السبت، 21 ديسمبر، 2013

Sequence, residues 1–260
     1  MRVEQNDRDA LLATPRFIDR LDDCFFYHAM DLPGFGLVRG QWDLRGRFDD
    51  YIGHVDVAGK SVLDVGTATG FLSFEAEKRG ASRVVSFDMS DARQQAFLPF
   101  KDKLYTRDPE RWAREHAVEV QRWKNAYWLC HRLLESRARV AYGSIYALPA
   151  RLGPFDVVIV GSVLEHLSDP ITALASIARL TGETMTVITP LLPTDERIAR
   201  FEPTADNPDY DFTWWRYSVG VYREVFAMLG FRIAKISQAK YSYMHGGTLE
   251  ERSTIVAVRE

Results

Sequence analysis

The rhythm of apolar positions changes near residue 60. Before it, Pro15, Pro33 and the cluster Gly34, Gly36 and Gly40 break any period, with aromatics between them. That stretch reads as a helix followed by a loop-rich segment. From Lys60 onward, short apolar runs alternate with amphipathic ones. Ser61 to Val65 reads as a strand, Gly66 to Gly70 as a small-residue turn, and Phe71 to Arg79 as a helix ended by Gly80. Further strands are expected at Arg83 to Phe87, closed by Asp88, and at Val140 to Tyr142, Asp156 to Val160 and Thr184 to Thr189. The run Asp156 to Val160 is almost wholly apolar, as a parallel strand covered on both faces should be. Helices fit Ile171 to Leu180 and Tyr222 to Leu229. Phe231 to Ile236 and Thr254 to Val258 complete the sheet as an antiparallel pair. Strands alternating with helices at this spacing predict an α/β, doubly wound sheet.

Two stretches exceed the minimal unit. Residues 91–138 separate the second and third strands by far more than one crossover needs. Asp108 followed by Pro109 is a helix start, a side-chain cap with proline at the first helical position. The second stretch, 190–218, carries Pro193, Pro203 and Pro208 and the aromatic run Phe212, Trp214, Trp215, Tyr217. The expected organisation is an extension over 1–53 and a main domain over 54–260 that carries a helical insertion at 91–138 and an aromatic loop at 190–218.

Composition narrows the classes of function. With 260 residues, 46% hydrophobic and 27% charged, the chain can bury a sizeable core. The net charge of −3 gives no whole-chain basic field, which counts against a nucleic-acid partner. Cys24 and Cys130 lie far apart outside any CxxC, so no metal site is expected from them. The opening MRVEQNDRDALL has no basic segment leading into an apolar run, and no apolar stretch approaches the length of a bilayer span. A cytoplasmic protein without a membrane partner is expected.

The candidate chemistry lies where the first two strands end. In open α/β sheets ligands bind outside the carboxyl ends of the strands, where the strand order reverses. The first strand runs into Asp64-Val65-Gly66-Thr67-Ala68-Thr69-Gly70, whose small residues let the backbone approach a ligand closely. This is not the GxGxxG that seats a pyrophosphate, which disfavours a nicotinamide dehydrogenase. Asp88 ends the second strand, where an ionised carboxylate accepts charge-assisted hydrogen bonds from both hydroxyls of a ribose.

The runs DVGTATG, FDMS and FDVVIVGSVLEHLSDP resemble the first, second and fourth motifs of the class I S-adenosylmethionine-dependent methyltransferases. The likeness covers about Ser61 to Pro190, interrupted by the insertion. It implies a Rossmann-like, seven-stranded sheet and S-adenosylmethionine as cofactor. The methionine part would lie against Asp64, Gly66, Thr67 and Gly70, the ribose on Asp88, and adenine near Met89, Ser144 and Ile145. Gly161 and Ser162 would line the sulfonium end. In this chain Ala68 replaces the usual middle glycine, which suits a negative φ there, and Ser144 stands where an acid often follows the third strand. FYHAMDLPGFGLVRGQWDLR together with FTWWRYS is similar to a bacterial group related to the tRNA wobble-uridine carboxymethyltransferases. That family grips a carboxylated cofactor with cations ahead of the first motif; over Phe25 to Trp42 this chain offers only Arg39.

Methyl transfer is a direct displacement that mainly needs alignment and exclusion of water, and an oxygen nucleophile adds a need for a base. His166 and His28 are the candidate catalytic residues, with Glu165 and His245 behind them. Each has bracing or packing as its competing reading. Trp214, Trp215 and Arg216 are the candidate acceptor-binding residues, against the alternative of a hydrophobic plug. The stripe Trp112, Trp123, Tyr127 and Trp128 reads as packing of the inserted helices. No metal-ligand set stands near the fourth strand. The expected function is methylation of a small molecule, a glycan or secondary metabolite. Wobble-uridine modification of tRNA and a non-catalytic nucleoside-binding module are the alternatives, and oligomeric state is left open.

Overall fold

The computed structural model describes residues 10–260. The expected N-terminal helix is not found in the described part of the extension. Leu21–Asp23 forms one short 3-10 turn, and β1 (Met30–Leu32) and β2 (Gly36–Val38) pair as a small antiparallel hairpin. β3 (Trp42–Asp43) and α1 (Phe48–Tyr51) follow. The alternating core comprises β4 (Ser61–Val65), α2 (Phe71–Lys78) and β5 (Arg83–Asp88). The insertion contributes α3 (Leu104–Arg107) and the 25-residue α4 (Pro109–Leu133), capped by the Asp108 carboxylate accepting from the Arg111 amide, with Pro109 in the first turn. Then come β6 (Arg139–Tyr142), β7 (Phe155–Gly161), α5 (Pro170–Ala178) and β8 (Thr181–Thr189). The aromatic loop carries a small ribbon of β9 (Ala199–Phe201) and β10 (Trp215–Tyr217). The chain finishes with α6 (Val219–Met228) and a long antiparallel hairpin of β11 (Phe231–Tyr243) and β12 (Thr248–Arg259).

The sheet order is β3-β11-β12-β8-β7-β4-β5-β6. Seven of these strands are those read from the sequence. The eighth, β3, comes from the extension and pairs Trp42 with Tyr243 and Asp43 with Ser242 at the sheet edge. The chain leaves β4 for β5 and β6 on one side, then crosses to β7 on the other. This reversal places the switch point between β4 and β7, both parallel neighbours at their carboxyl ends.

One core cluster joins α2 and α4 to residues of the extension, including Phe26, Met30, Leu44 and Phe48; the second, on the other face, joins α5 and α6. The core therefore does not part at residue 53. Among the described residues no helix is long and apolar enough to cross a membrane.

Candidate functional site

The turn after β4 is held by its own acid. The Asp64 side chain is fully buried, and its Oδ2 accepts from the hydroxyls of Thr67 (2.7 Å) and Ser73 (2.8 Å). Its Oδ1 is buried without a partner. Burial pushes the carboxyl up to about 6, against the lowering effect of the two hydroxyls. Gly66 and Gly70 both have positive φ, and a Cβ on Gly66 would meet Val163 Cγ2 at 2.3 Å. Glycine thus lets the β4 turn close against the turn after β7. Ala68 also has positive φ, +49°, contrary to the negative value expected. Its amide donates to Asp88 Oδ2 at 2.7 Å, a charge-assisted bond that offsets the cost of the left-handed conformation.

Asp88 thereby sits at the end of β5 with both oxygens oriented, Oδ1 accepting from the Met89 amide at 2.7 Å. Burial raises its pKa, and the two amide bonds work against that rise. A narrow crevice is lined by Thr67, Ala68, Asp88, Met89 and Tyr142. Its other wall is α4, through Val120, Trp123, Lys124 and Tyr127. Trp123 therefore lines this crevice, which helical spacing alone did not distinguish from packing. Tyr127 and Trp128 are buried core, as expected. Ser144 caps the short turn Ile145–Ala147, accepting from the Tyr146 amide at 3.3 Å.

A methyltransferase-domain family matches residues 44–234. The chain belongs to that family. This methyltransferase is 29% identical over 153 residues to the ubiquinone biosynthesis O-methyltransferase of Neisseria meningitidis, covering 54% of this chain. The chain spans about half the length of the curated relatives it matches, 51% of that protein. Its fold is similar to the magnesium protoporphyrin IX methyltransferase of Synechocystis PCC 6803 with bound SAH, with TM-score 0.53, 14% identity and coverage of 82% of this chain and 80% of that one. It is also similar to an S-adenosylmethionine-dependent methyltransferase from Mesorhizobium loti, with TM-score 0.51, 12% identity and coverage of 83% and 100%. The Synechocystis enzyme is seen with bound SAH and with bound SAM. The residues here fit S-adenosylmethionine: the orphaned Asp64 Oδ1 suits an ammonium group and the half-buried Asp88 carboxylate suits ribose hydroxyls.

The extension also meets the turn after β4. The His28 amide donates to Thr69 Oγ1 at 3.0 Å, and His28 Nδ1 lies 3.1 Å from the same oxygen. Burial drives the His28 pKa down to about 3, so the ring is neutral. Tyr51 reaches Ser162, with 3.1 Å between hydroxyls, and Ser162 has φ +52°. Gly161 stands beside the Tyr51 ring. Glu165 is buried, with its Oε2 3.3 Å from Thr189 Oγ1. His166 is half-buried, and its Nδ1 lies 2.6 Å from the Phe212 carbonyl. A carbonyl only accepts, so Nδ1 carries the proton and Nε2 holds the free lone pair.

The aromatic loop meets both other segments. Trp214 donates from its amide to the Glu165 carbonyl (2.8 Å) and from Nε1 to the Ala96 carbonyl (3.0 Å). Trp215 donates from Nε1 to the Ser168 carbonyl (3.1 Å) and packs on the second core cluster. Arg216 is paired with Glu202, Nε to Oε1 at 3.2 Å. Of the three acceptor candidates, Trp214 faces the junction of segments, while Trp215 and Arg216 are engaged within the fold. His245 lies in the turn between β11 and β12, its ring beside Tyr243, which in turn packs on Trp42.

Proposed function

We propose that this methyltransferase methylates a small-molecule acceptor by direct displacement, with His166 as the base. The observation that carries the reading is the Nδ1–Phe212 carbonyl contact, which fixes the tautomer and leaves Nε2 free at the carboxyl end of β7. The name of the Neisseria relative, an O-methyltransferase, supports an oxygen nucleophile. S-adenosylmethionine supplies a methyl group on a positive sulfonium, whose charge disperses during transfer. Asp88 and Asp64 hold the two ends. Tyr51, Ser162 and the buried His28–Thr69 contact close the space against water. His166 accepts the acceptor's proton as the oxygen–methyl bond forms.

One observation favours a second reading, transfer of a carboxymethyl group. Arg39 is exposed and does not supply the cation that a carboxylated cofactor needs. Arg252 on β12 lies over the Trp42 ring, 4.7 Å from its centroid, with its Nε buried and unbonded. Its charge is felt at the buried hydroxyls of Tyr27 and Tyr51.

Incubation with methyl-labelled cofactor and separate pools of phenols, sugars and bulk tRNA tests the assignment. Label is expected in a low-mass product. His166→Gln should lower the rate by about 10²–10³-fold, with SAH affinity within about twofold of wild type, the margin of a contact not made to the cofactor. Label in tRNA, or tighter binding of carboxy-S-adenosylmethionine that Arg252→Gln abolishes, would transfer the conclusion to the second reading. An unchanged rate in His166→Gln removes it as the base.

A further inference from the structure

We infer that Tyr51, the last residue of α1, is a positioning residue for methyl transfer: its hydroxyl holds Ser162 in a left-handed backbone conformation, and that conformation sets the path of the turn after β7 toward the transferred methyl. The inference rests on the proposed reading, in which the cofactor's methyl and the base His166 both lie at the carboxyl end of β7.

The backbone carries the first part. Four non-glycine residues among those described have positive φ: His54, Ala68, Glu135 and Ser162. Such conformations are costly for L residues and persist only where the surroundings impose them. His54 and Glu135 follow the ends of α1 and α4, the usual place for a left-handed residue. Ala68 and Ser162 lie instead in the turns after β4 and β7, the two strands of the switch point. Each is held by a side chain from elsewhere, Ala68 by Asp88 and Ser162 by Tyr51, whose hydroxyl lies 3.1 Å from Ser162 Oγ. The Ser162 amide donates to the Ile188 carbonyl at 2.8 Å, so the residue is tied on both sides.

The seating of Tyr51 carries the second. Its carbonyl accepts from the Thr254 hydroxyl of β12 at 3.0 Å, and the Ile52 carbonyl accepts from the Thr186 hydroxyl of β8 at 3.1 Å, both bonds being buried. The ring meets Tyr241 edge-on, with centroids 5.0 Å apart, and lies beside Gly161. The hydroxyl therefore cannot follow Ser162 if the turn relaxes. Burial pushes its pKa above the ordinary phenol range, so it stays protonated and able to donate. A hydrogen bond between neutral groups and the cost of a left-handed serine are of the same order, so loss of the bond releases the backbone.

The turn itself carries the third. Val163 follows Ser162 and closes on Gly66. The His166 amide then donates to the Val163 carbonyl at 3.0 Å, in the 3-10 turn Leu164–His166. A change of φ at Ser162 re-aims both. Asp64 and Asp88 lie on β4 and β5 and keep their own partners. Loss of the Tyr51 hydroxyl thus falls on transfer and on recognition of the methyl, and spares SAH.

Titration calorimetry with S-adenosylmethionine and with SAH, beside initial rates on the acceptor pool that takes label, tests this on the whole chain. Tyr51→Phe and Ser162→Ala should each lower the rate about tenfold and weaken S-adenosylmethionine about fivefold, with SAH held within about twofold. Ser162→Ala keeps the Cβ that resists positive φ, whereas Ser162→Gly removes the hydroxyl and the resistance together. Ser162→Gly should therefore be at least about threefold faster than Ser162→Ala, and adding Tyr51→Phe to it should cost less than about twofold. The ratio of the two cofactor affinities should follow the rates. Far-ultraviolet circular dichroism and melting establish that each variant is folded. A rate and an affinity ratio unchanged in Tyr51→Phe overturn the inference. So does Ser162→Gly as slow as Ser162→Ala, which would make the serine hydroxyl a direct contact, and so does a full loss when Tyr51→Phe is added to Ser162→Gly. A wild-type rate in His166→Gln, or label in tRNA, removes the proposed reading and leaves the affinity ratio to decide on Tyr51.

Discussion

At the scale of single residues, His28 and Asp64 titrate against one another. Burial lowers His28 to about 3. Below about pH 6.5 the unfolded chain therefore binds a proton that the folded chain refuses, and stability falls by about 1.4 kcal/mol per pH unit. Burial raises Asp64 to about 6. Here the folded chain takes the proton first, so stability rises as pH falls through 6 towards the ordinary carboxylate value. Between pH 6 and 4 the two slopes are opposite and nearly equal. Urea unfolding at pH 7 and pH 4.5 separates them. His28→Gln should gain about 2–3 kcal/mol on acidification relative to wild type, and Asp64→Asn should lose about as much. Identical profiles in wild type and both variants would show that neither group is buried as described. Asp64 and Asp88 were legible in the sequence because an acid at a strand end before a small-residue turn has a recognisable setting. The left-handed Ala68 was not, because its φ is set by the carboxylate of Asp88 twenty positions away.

Even for people who don't go completely bald, hair loss can be a problem. All people - both men and women - lose hair as they grow older. The hair they manage to hold onto becomes thinner and less pleasing to the eye and touch as it used to be. THE FAILURE OF MINOXIDIL In the 1980s, Americans were excited about Minoxidil. Minoxidil was developed as a blood pressure medication by The Upjohn Company. Researchers noticed that as a side effect, the drug grew hair. This "miraculous" abilty reached the public, who clamored for it. Finally Upjohn announced, with great fanfare, that it would seek FDA approval to market Minoxidil (now called " Rogaine") for baldness. As it turns out, however, Rogaine doesn't grow hair very well. Upjohn's latest version of the drug, which was recently approved by the FDA to be sold over-the-counter, is even less likely to work than the prescription version because it is half-strength. After eight years of clinical experience with Rogaine, the results have been mixed. Some people get benefit, others don't. It seems to work better in women than in men. However, it appears that Rogaine is much better at helping people keep and improve the hair they still have than in growing new hair. While some terminal hair does regrow in some people who use Rogaine, less than 10% show enough new growth in bald areas to cover them, especially in front. Those who grow a noticeable amount of hair tend to be people whose hair loss is at an early stage. In people with fine hair, the combination of regrowth plus "deminiaturization" of the existing hair can provide an acceptable cosmetic result about 40-50% of the time. As a bonus, most of these people stop getting balder. However, the expense, the side effects and the lack of efficacy of the drug prevent many people from using it. Although Minoxidil is the only FDA-approved treatment for baldness, people do not have to subject themselves to this drug to grow new hair. State-of-the art hair growth formulas have been developed by physician and scientist Peter Proctor, M.D., Ph.D. ANDROGENETIC ALOPECIA Although hair loss is part of aging, it occurs in young people who suffer from a condition called Androgenetic Alopecia (AGA), which leads to accelerated hair loss. AGA is commonly known as Male Pattern Baldness, but, in fact, occurs in both men and women. The pattern of hair loss varies by gender. With men it usually begins with a receding hair line. In women the pattern is more diffuse, typically sparing the anterior hairline and predominately affecting the crown.